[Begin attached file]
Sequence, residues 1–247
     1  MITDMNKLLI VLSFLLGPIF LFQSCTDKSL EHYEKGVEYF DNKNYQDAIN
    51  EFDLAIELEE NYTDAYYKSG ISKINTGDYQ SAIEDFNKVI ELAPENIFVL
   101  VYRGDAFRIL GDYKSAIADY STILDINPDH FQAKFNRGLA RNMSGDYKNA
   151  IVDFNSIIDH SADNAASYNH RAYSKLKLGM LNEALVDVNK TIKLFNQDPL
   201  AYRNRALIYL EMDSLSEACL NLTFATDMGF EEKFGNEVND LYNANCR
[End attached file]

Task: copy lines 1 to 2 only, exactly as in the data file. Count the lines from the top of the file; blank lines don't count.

Sequence, residues 1–247
     1  MITDMNKLLI VLSFLLGPIF LFQSCTDKSL EHYEKGVEYF DNKNYQDAIN